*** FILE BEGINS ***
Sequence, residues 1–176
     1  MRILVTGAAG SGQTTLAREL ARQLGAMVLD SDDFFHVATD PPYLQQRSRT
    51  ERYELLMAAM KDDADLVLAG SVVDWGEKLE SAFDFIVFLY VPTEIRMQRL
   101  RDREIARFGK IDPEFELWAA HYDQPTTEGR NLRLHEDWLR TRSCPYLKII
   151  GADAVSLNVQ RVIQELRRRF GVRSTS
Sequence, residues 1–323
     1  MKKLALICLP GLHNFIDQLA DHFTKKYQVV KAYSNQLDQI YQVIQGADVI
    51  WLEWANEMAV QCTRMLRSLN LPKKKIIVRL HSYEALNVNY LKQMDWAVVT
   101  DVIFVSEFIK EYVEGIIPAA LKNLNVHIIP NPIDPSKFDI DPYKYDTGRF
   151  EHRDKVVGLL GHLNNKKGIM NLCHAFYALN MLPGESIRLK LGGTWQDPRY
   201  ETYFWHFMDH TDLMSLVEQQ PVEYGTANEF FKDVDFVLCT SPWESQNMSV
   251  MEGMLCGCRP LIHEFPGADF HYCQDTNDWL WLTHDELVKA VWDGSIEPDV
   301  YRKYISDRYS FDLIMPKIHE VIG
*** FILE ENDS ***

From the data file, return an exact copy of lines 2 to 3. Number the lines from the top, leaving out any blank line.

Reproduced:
     1  MRILVTGAAG SGQTTLAREL ARQLGAMVLD SDDFFHVATD PPYLQQRSRT
    51  ERYELLMAAM KDDADLVLAG SVVDWGEKLE SAFDFIVFLY VPTEIRMQRL